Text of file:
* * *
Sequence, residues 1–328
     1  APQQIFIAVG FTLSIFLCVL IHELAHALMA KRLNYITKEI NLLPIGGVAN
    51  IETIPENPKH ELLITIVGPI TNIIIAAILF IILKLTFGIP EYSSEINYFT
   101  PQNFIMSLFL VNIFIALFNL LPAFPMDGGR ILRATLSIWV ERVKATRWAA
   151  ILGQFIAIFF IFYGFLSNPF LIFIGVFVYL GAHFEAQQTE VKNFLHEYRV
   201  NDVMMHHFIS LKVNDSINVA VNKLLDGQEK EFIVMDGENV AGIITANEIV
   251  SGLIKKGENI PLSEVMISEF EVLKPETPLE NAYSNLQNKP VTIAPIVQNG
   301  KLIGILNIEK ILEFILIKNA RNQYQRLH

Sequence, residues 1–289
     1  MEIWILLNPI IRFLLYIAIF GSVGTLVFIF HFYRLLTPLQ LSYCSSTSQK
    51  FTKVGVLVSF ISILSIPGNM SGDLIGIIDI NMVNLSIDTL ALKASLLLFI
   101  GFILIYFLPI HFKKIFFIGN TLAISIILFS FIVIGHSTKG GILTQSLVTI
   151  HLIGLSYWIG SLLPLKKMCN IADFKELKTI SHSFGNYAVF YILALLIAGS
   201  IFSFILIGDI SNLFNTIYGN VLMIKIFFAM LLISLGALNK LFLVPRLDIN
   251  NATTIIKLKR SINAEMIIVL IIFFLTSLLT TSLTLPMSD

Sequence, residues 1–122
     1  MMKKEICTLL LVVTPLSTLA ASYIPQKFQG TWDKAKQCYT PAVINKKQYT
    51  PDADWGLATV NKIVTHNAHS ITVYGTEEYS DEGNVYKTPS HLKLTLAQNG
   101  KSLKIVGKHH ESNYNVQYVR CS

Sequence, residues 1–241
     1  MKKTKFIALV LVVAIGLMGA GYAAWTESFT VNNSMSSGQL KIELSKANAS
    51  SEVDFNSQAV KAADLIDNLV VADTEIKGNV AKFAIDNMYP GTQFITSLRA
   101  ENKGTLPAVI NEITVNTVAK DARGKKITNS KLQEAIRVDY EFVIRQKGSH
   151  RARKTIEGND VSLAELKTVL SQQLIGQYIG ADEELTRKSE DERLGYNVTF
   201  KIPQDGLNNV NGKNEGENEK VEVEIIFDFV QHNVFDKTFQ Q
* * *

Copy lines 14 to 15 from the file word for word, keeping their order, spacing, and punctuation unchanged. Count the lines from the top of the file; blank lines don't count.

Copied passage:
   201  IFSFILIGDI SNLFNTIYGN VLMIKIFFAM LLISLGALNK LFLVPRLDIN
   251  NATTIIKLKR SINAEMIIVL IIFFLTSLLT TSLTLPMSD